Carl Crawford and Jacoby Ellsbury: Neither is likely to return from the DL before Labor Day and both are even money to miss the entire season. Which may determine said season’s outcome. In Boston, this is an issue that could yet become a very big issue.
Roy Halladay and Cliff Lee: A year ago everyone was proclaiming a dynasty in Philadelphia anchored by what was being proclaimed the finest one-two pitching punch since Koufax and Drysdale, or Spahn and Burdette. Today, Halladay is on the DL with a sore arm that medics find perplexing while Lee reaches June with no wins. Moral of the story: Dynasties should be proclaimed after they happen, not before.
Carlos Beltran: The Red Sox could have had him, but passed. The Cards signed him for relative peanuts to replace Pujols after rejecting the slugger’s ridiculous contract demands. At the marker, Beltran leads the NL in homers and is vastly out-hitting Pujols in every single offensive category while the Cards are a half game out of first. Last year, they pulled a similar coup with Lance Berkman. Some teams just know how to operate.
Melky Cabrera: The Yankees gave up on him. So did the Braves and Royals. In San Francisco, Cabrera is hitting .362 and leading the NL in hits and triples. He may be the season’s A Star is Born story in the making. It should be noted that Melky is not the only mistake Brain Cashman has made lately.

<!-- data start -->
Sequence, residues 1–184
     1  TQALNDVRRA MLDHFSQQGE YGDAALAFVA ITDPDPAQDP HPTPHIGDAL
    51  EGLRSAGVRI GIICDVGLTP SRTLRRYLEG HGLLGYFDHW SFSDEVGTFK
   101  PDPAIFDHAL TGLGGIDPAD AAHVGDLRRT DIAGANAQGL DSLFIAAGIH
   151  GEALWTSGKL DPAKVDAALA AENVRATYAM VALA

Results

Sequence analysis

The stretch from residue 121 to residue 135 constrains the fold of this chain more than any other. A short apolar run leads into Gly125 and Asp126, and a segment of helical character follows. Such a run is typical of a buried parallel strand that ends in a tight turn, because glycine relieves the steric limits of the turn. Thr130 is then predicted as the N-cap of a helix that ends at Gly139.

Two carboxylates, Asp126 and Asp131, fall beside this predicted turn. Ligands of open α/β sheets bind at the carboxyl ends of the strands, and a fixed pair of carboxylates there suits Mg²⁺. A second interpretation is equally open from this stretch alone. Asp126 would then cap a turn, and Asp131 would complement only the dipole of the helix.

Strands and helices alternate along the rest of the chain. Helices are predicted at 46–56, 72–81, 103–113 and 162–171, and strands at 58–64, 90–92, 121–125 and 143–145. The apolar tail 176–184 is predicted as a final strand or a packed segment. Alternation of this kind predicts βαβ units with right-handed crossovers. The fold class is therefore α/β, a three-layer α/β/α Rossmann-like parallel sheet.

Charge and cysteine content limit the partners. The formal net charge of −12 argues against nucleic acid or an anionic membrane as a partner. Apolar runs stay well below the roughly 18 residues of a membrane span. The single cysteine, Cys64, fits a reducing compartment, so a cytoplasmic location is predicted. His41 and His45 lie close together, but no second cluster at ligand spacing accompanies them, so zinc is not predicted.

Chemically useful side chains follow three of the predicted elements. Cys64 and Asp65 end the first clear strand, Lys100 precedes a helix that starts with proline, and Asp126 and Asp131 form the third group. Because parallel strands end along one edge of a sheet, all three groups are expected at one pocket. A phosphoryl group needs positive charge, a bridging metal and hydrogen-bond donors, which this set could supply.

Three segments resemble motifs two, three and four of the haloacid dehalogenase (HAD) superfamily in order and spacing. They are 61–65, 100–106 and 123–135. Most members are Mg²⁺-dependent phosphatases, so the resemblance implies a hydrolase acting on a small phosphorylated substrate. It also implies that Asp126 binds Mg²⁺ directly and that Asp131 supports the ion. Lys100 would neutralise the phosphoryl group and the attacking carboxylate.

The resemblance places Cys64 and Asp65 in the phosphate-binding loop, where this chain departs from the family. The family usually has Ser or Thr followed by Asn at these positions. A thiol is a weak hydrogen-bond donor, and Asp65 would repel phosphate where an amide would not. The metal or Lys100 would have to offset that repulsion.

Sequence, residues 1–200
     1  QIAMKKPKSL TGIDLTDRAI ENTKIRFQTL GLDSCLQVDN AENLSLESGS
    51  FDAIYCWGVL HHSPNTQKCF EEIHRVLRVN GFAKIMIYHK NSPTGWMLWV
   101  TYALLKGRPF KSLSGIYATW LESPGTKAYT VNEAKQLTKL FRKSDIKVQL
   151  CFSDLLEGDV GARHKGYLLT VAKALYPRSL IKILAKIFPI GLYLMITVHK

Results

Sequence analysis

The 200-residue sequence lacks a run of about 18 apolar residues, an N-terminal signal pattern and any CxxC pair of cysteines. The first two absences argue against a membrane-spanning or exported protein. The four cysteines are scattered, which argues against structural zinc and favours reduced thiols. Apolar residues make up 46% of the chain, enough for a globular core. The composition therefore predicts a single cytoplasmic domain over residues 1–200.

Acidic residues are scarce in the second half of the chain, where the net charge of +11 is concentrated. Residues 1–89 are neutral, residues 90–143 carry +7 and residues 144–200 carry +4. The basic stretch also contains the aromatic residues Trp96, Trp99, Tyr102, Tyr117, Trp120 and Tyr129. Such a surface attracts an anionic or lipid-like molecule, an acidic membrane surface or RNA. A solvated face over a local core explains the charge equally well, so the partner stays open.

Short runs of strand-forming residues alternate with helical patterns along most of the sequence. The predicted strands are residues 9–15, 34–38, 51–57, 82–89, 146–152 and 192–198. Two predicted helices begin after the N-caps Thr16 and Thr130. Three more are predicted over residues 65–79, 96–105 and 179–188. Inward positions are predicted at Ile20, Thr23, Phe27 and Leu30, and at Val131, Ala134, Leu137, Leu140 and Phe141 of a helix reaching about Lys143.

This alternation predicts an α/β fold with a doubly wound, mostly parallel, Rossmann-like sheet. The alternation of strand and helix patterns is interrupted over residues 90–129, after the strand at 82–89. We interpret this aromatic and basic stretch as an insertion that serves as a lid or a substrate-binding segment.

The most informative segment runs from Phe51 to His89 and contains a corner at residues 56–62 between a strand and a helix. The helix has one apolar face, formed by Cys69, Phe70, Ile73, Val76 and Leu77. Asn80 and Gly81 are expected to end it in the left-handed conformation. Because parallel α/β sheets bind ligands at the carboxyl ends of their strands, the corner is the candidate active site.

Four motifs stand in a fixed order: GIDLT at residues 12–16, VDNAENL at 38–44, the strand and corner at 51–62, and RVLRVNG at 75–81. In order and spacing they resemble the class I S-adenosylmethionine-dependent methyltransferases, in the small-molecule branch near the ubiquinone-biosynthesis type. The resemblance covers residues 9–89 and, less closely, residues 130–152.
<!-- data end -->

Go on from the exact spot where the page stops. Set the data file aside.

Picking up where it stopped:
Adam Dunn: Huge and hulking slugger smashed strike-out records while hitting .159 in first season with White Sox. He was a joke, and a fairly pathetic one at that. This season he’s upped his average 90 points with 16 homers and 37 ribbies, most of them clutch. It’s a nice story.
Matt Garza. He’s Theo’s last best Cubs’ chip. He has pitched decently, will be heavily sought, and may be hottest trick in the mid-summer’s annual trade-deadline frenzy. Will Theo get sentimental and float him to Boston where the need may be vital? Or will Theo instead get nasty and exact pleasing revenge, sending Mr. Garza, shall we say, “elsewhere?” Process should be amusing.
Brian Cashman: If the Yankees tailspin, does he pay with his job? The betting here is yes. It would not be unjust.
Ben Cherington: If the same happens to Red Sox, does the same happen to him? The betting is no. Simply, a different scenario. Plus, he’s cheaper.
Adrian Gonzalez and Mark Teixeira: We appreciate that swarthy, slugging first basemen no longer grow on trees. But at 20 million per-annum plus, these dudes need to pick it up. Aside to Mr. Gonzalez: We’re not talking about singles.
The first leg has been sufficiently merry. The next checkpoint is at the all-star break. In the meantime, enjoy!